|September 24, 2008||Permalink|
When NASA's last scheduled Space Shuttle mission lands in June of 2010, the United States will not have the capability to get astronauts into space again until the scheduled launch of the new Orion spacecraft in 2015. Over those five years, the U.S. manned space program will be relying heavily on Russia and its Baikonur Cosmodrome facility in Kazakhstan. Baikonur is an entire Kazakh city, rented and administered by Russia. The Cosmodrome was founded in 1955, making it one of the oldest space launch facilites still in operation. Here are collected some photographs of manned and unmanned launches from Baikonur over the past several years. (26 photos total)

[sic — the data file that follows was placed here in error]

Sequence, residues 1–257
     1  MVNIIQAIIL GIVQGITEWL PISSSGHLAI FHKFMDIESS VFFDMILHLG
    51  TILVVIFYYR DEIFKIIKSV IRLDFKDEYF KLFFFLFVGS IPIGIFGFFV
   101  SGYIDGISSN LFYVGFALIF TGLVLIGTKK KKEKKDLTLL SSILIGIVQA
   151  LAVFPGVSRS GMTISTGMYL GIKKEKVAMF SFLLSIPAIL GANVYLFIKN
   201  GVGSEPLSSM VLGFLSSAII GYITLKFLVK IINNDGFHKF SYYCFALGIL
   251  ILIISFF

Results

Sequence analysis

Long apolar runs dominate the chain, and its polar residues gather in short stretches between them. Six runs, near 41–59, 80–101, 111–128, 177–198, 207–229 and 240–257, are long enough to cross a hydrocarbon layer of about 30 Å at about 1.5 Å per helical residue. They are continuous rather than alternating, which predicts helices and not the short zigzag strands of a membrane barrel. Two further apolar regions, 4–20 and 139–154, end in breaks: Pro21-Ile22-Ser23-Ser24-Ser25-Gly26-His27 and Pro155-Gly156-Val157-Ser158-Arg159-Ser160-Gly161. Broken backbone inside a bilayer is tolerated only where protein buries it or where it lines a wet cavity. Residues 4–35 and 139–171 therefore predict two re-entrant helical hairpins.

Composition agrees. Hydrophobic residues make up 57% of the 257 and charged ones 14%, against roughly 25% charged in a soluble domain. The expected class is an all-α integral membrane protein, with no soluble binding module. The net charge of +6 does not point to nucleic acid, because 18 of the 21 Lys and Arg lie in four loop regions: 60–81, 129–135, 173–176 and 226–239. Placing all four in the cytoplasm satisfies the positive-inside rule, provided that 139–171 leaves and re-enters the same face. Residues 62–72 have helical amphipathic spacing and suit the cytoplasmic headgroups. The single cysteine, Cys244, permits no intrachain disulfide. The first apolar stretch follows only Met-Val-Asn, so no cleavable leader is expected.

The Soyuz TMA-3 spacecraft and its booster rocket, transported by rail to the launch pad to be raised to a vertical launch position at the Baikonur Cosmodrome, Kazakhstan on October 16, 2003, in preparation for liftoff October 18 to carry C. Michael Foale, Expedition 8 commander and NASA science officer; Alexander Kaleri, Soyuz Commander and flight engineer; and European Space Agency (ESA) astronaut Pedro Duque of Spain to the International Space Station. (NASA/Bill Ingalls)
To see the entire entry, with all photographs, click here.
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